Agatha Harkness
AgathaH.jpg
Agatha Harkness and her familiar, Ebony
Publication information
PublisherMarvel Comics
First appearanceFantastic Four #94 (January 1970)
Created byStan Lee (writer)
Jack Kirby (artist)
In-story information
SpeciesWitch
Team affiliationsDaughters of Liberty
PartnershipsFantastic Four
Scarlet Witch
AbilitiesHighly-skilled magic user

Agatha Harkness is a fictional character appearing in American comic books published by Marvel Comics. She is a powerful witch, typically portrayed as a friend and teacher of Wanda Maximoff, as well as the mother of Nicholas Scratch. Agatha is one of the original witches from the Salem witch trials who goes on to become a significant figure in the Marvel universe, protecting Franklin Richards as his nanny and later mentoring Wanda in the use of real magic. At one point, she had a familiar named Ebony, a cat-like creature that could sense the presence of mystical beings.

Kathryn Hahn portrayed Agatha Harkness in the Marvel Cinematic Universe miniseries WandaVision (2021), and is set to reprise her role in a spin-off series about the character, Agatha: House of Harkness.

Publication history

This section needs expansion. You can help by adding to it. (February 2021)

Agatha Harkness first appears in Fantastic Four #94 and was created by Stan Lee and Jack Kirby.[1]

Fictional character biography

1970s

Agatha Harkness was introduced as the governess of Franklin Richards.[2] She easily fended off the Frightful Four when they came to abduct Richards, and admitted to the Fantastic Four that she is a witch.[3][4] She then aided the Fantastic Four in battle against Annihilus.[5]

Through the actions of her son Nicholas Scratch, she was revealed as a member of the previously unknown New Salem, Colorado, a colony of witches of whom she had been the leader. Scratch had taken control of the town and persuaded its inhabitants that Agatha betrayed the community's secrets by working for the Fantastic Four. She was abducted and taken back to the community with Franklin to stand trial.[6] The Fantastic Four followed and came into conflict with the Salem's Seven, Agatha's grandchildren fathered by Scratch. The Fantastic Four defeated them and freed Agatha. In the process, Scratch's evil was revealed to the community of New Salem and he was banished to another dimension.[7] Agatha became the magical tutor for the Scarlet Witch in the use of witchcraft.[8]

Scratch and Salem's Seven returned, and Agatha foiled their attempt to conquer the world.[9]

1980s

Eventually Salem's Seven took over the New Salem community again. They captured Agatha and killed her by burning her at the stake, though Agatha soon made her presence known to Wanda in what appeared to be a post-death astral form. In an ensuing battle between the Scarlet Witch and Salem's Seven, the entire community's energies were drawn into Vertigo of the Seven, who lost control of them. Wanda managed to capture some of the energy and funnel it away, but the entire town was destroyed. Following hints from Agatha's astral form, Wanda channeled the remaining energy to become pregnant with twin children of Vision, her android husband.[10]

Later, Agatha resurfaced, again alive and well, when Wanda's infant children began exhibiting odd behavior (disappearing for brief periods of time) and Wanda became unstable after her husband's dismantling; Agatha provided no explanation for her return.[11] After Mephisto claimed that Scarlet Witch's children were actually fragments of his own soul and reabsorbs them, Agatha briefly mind-wiped Wanda's memory of her children in an attempt to help her deal with the trauma. Agatha later restored those memories soon after when Wanda became a pawn in a complex plot by Immortus. Agatha aided the Avengers in their battle against Immortus.[12]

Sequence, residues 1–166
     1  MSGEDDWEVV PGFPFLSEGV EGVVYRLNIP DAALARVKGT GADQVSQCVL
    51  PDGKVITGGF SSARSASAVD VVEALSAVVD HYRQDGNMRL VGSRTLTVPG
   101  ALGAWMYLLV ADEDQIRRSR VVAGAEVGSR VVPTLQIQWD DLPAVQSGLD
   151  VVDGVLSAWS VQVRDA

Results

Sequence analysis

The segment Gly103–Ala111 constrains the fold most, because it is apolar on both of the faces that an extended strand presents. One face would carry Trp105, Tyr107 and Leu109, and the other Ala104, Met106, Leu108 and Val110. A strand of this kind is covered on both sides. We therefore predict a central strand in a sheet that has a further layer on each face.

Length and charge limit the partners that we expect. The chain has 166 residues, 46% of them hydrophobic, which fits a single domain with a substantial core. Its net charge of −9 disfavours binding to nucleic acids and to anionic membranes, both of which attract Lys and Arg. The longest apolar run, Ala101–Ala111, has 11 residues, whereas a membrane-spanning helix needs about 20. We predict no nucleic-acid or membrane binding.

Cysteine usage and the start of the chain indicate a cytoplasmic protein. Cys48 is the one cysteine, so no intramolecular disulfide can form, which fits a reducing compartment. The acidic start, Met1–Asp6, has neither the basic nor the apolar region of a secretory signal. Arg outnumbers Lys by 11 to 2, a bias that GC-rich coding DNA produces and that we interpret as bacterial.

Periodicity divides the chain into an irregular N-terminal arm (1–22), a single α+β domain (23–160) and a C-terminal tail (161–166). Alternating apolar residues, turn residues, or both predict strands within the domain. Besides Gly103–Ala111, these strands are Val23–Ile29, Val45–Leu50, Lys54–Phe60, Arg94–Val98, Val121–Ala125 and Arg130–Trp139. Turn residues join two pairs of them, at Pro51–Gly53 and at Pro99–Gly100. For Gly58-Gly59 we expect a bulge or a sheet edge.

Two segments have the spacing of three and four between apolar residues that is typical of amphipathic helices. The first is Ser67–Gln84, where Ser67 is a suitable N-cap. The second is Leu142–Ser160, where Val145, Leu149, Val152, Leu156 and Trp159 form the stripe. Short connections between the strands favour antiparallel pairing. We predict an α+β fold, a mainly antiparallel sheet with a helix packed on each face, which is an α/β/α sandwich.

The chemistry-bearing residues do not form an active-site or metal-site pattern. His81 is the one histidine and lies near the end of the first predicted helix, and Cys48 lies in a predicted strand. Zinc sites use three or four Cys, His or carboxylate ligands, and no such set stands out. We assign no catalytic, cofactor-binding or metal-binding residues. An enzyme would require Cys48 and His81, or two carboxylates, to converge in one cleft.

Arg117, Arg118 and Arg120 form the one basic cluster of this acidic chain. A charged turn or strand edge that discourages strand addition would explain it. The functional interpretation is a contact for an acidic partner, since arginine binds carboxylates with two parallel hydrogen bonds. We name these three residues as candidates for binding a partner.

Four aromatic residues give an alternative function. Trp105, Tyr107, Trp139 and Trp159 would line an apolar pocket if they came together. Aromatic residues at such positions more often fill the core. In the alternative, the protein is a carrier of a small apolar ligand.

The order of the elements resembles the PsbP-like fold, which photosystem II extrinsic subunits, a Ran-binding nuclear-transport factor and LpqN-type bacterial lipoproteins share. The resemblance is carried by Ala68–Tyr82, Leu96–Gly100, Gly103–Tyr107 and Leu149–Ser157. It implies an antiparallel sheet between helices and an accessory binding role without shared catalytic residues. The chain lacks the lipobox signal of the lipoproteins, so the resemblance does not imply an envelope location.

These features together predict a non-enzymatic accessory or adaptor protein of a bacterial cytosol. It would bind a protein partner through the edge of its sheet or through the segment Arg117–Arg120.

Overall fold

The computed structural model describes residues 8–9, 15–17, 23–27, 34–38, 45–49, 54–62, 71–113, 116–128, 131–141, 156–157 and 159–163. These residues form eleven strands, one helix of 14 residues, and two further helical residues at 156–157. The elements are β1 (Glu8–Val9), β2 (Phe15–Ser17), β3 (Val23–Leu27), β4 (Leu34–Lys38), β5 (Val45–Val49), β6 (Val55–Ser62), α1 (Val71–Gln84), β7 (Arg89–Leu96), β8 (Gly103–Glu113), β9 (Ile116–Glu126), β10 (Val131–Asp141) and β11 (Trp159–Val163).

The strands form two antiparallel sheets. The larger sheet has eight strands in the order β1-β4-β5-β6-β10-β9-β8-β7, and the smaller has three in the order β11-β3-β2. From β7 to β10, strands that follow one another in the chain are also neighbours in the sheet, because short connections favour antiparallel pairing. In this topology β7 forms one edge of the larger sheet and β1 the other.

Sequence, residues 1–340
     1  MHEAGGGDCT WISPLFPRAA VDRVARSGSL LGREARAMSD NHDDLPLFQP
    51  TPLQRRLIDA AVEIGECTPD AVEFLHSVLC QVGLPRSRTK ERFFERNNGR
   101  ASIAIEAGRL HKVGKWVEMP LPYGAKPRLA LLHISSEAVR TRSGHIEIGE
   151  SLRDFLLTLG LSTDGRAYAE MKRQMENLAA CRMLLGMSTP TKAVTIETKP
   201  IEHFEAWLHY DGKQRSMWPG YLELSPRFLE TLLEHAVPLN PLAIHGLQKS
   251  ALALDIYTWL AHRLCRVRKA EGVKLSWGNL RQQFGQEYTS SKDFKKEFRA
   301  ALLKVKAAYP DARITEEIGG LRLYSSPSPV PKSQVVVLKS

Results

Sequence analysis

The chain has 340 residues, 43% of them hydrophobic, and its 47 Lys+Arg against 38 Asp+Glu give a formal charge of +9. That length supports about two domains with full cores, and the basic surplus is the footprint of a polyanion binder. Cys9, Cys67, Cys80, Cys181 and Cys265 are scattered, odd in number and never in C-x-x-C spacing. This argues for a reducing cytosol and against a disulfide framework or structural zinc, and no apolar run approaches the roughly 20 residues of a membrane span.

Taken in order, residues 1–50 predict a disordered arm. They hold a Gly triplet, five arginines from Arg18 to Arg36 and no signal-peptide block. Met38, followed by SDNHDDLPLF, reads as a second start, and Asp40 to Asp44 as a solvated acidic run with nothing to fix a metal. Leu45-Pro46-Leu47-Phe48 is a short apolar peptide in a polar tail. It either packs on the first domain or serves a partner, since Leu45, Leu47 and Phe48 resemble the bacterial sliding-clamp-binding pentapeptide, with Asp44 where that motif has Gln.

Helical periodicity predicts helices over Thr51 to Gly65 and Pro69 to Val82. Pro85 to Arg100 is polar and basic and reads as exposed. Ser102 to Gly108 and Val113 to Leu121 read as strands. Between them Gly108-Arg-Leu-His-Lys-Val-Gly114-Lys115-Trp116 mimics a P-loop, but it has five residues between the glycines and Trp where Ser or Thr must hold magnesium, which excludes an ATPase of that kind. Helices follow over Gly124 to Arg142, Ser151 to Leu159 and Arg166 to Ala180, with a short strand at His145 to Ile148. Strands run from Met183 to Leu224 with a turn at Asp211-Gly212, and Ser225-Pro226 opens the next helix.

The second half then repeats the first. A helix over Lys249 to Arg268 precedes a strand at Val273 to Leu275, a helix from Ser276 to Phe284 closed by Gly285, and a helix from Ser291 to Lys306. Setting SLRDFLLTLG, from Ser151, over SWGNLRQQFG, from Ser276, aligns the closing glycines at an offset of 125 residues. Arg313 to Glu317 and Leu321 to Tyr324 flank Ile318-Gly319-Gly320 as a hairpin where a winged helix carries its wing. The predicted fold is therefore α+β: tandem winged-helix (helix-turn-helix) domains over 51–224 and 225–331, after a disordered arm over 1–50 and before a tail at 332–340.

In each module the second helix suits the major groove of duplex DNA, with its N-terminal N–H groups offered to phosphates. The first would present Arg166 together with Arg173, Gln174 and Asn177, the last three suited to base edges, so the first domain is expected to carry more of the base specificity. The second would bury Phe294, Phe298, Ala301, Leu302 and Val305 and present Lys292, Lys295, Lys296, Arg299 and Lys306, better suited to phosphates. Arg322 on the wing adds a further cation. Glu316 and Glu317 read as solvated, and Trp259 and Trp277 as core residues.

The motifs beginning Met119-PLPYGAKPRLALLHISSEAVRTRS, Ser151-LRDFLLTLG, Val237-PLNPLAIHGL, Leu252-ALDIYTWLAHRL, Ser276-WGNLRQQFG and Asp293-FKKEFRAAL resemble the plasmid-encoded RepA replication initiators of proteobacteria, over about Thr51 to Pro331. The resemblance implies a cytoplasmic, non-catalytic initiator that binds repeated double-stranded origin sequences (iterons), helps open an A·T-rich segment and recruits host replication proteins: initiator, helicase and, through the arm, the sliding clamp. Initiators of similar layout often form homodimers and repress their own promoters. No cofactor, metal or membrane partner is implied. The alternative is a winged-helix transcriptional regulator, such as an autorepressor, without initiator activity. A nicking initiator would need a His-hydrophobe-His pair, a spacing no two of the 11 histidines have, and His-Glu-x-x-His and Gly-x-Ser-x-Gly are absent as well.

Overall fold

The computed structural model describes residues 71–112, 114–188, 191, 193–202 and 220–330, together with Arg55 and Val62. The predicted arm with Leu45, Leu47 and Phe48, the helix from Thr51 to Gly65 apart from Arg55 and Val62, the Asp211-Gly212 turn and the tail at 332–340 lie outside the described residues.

2000s

"Avengers Disassembled"

Further information: Avengers Disassembled

Wanda, again having no memory of her children, angrily confronted Agatha about their existence. Nick Fury of S.H.I.E.L.D. found what appeared to be Agatha's corpse in her home and concluded that Agatha had been dead for a long time.[13] Some time later, a partially amnesiac Wanda tells Clint Barton she is under the care of her "Aunt Agatha" in a small apartment.[14] However, this version of Wanda was later revealed to be a Doombot that replaced the real Wanda at some point.[15]

Ghost life

Agatha has since made her presence known in the New Multiverse as a ghost. She appears to Wanda and confirms her death at the hands of her protégé.[16] She also concurrently serves as the omniscient narrator of Vision's ongoing solo title, having induced precognitive visions through arcane ritual involving the murder of Ebony at some undetermined point before her death.[17] Agatha fights alongside Wanda and the spirit of her biological mother Natalya Maximoff against a physical manifestation of Chaos which is attempting to destroy witchcraft. The two spirits channel their magic through Wanda and, after Quicksilver is summoned, they manage to defeat the being once and for all although this has gravely wounded Order, the Goddess of Witchcraft. Natalya sacrifices herself to restore Order and, in doing so, also returns Agatha to life. Despite noting that her and Wanda's paths are intertwined, Agatha chooses to have some time to herself to enjoy being alive again.[18]